Now it is time to bake the cookie. If you are not like me and don't have six sheet pans (I actually have 18, don't ask), you'll need to do this batches, but it will work just fine.
Preheat your oven to 325 degrees. Line 1-3 of your sheet pans with parchment paper.

Remove the pastry dough from the 'fridge and divide it into 3 roughly equal portions (about 10 oz for the compulsive amongst you). Put two of them back in the chill chest.

Liberally flour the work surface and sprinkle some on the top of the dough. There is enough butter in this that more flour is not going to affect its final consistency and it really helps when rolling it out.

We are going to roll the dough out to roughly the size of the sheet pan. It will be really thin, but don't make yourself crazy trying to get it exactly the size of the pan, as long as you are have the width right you can have a gap of an inch or two on the length without it being a problem.

Just roll back and forth over the dough, pausing to loosen it from the board and reflour as needed. To put it on the pan, fold the dough over itself and then using your hands and a spatula, pick up and put it on your sheet pan. Then unfold it. Don't get freaked out if it tears or breaks. Just push it back together. It will not affect the end product at all.

Using a fork, poke holes in the dough, all over. Cover with another sheet of parchment paper and then one of the other sheet pans. Slip it into the oven for 30 minutes. I know, it is so thin that you feel like it is going to burn in that amount of time, but trust me, there is enough butter and the temperature is low enough that you will just get a well formed big flat cookie when you are done.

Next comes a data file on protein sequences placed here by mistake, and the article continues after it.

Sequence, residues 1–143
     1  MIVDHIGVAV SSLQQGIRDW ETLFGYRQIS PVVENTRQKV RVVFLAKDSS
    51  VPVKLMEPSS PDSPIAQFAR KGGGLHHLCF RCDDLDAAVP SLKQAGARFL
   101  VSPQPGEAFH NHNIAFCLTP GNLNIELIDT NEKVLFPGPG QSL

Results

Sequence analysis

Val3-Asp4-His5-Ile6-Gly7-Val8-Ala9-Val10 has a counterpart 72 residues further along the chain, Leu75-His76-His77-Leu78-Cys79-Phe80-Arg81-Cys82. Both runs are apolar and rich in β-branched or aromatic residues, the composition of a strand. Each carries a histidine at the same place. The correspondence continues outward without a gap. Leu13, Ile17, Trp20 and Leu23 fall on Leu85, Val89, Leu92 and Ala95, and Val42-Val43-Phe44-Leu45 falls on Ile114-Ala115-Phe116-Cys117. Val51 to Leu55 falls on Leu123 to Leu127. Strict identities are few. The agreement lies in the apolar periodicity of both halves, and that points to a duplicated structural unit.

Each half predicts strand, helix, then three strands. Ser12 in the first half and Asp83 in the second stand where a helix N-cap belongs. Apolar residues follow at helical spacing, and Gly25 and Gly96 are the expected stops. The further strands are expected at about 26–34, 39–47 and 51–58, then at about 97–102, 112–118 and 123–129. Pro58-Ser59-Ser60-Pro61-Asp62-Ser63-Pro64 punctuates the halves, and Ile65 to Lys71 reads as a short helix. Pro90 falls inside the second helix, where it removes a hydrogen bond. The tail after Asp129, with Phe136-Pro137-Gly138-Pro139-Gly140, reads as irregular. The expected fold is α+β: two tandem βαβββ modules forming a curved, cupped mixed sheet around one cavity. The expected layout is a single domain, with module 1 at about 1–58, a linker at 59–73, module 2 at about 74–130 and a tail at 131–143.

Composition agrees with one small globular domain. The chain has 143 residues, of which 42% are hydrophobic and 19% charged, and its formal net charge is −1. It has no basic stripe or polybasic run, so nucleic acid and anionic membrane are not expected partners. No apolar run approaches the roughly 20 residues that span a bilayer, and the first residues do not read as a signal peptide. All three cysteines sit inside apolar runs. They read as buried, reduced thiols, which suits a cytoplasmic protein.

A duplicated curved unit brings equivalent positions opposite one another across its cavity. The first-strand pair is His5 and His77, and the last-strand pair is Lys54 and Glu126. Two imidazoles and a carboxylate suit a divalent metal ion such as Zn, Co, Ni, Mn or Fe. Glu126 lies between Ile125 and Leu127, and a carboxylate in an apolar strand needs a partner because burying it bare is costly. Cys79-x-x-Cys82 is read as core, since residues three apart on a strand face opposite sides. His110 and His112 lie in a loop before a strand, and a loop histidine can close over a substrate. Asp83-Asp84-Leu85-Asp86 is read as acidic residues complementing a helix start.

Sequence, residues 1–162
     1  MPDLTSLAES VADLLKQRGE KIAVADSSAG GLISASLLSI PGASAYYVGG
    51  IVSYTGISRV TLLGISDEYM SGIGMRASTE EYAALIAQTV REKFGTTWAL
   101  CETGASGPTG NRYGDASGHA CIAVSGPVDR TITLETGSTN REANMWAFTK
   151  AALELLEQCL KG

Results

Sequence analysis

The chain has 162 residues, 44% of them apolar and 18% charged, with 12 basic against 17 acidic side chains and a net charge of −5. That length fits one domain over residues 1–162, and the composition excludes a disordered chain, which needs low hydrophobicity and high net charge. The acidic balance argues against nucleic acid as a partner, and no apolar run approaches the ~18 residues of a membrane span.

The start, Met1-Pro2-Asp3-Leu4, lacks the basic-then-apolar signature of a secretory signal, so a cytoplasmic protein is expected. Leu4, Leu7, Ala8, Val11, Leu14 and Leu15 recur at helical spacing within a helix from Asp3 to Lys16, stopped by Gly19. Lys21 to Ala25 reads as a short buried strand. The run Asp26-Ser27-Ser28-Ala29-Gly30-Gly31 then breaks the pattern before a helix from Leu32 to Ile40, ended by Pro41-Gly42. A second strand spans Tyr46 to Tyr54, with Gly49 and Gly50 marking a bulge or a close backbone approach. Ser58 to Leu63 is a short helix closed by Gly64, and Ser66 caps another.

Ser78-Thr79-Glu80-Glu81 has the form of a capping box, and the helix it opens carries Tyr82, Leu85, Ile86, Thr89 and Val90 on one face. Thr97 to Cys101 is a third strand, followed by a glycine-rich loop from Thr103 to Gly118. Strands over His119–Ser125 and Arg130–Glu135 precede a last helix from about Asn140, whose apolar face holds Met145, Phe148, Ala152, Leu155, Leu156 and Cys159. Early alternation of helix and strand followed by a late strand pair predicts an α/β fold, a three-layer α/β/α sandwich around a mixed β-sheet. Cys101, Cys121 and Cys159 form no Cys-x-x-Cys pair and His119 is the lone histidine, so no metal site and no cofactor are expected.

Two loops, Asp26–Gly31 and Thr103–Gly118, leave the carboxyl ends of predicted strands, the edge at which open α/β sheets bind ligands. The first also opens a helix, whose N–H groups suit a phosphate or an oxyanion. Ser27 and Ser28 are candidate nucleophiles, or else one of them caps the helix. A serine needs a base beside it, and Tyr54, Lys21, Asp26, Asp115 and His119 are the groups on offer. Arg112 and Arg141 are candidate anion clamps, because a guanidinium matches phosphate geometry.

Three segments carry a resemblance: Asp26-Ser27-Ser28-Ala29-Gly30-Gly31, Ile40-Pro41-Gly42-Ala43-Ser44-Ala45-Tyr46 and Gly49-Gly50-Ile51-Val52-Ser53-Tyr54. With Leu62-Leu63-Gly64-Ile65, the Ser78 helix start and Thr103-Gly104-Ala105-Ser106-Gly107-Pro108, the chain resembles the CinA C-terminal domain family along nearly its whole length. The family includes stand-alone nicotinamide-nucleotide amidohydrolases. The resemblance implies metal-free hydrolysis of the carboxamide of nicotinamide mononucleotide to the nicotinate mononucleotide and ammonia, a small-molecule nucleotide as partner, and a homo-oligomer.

Remove the pan from the oven and allow the cookie to stand for a minute. Remove the upper pan and use the parchment paper to slide it onto a wire rack to cool while the other cookies bake.

When all the cookies are cool, use your 8" pan as a guide and using a pastry cutter or pizza wheel, cut out 3 8" circles from the cookie.

You will have a lot left over which is good because we are going to assemble a 4th 8" circle from pieces (no it will not matter at all that it is broken).

Now it is time to assemble the masterpiece!

Start by putting the Ganache in a bowl and whipping with an electric or stand mixer until it is light and fluffy. It will look like this:


Now get out your serving plate. Dot the center with a dollop of Ganache (this will keep things from sliding around). Place one of the cookies on the Ganache. When you are moving them, use a spatula to hold the middle up, but if they break, no big deal, just fit the piece together for the cake.

Cover the cookie with a thin layer of Ganache using your cake spatula. Using a bread knife cut the Genoise cake into three roughly equal layers. Place one layer on the Ganache. Then spread 1/3 of the syrup on top of the cake. Wait a moment for it to absorb then cover with Ganache.

Now it is time to use the pieces to make your 4th cookie. Just find big pieces and set them on the cake. Here is what my layer looked like:


See it does not have to be a big fat hairy deal.

Then keep building with the following, Ganache, cake, syrup, Ganache, cookie, Ganache, cake, syrup, Ganache, cookie, Ganache. Be sure to keep out about 1/3 of the Ganache since we are going to frost the sides with it.